Pillar Mountain, in Ennerdale, Cumberland, 2927 feet high.
Pilsen, the second town of Bohemia, in a fertile and beautiful valley, 67 miles by rail SW. of Prague. There are numerous active industries, producing building materials, machinery, metal-work, porcelain, spirits, liqueurs, leather, etc. In the neighbourhood are mines of iron, alum, vitriol, coal, and sulphuric acid; and the town gives its name to the best Bohemian beer. Pilsen was stormed by Ziska in the Hussite War and by Count Mansfeld in the Thirty Years' War (1618); it was Wallenstein's headquarters in 1633-34. Pop. (1869) 23,681; (1900) 68,079.
Pim'lico, a district of Westminster, south of the Green Park.
Pindus. See Greece, p. 311.
Pine Bluff, capital of Jefferson county, Arkansas, on a high bluff on the S. bank of the Arkansas River, 120 miles from its mouth, and 43 by rail SSE. of Little Rock. It ships cotton, and manufactures iron, cotton-seed oil, flour, bricks, etc. Pop. (1880) 3203; (1900) 11,500.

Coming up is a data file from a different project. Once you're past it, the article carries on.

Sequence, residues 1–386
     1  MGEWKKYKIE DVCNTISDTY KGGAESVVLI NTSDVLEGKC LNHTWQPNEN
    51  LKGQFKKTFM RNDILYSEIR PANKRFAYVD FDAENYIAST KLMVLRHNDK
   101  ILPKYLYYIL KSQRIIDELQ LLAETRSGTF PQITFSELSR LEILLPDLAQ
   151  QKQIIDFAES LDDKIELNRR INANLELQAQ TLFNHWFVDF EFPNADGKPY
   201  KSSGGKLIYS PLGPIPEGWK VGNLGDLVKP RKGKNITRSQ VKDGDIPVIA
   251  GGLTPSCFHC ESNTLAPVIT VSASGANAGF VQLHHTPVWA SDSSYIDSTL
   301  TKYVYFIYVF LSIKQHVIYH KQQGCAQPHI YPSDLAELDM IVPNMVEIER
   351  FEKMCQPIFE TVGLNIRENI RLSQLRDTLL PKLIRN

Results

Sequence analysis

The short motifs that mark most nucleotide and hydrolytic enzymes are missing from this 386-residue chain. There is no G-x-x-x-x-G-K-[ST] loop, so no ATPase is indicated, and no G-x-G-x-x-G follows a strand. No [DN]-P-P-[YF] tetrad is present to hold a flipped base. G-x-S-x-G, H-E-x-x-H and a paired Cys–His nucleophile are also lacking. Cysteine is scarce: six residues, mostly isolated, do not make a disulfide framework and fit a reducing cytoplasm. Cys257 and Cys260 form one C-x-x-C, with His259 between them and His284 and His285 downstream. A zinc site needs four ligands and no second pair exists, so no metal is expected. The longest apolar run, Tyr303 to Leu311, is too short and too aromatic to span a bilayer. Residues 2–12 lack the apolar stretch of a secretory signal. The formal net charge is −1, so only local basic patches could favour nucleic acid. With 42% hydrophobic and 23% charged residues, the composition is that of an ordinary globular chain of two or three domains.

Pinero'lo, or Pignerol, a cathedral city of north Italy, at the east foot of the Alps, 23 miles SW. of Turin. From 1042 a town of Savoy, it was until 1713 strongly fortified, having a citadel, in which the Man with the Iron Mask, Lauzun, and Fouquet were imprisoned. This fortress was in French hands, 1536-74, 1630-96, 1704-6, and 1801-14. Cloth, paper, leather, cotton, and silk are manufactured. Pop. 18,000.
Pinos (Pee'nos), Isla de, a Spanish island in the West Indies, south of Cuba, of which it is the largest dependency. Discovered by Columbus in 1494, it is part low and swampy, and part hilly (1500 feet). Area, 1200 sq. m.;'pop. 2200.
Piombino (P'yombee'no), a former principality of Italy, lies opposite the island of Elba. Its extent was 139 sq. m.; and its pop., previous to its incorporation with Italy in 1860, about 25,000. The town of Piombino, on a promontory 50 miles S. of Leghorn, is connected by a branch-line (1892) with Campiglia, and is the seat of large iron-rolling mills. Pop. 8000.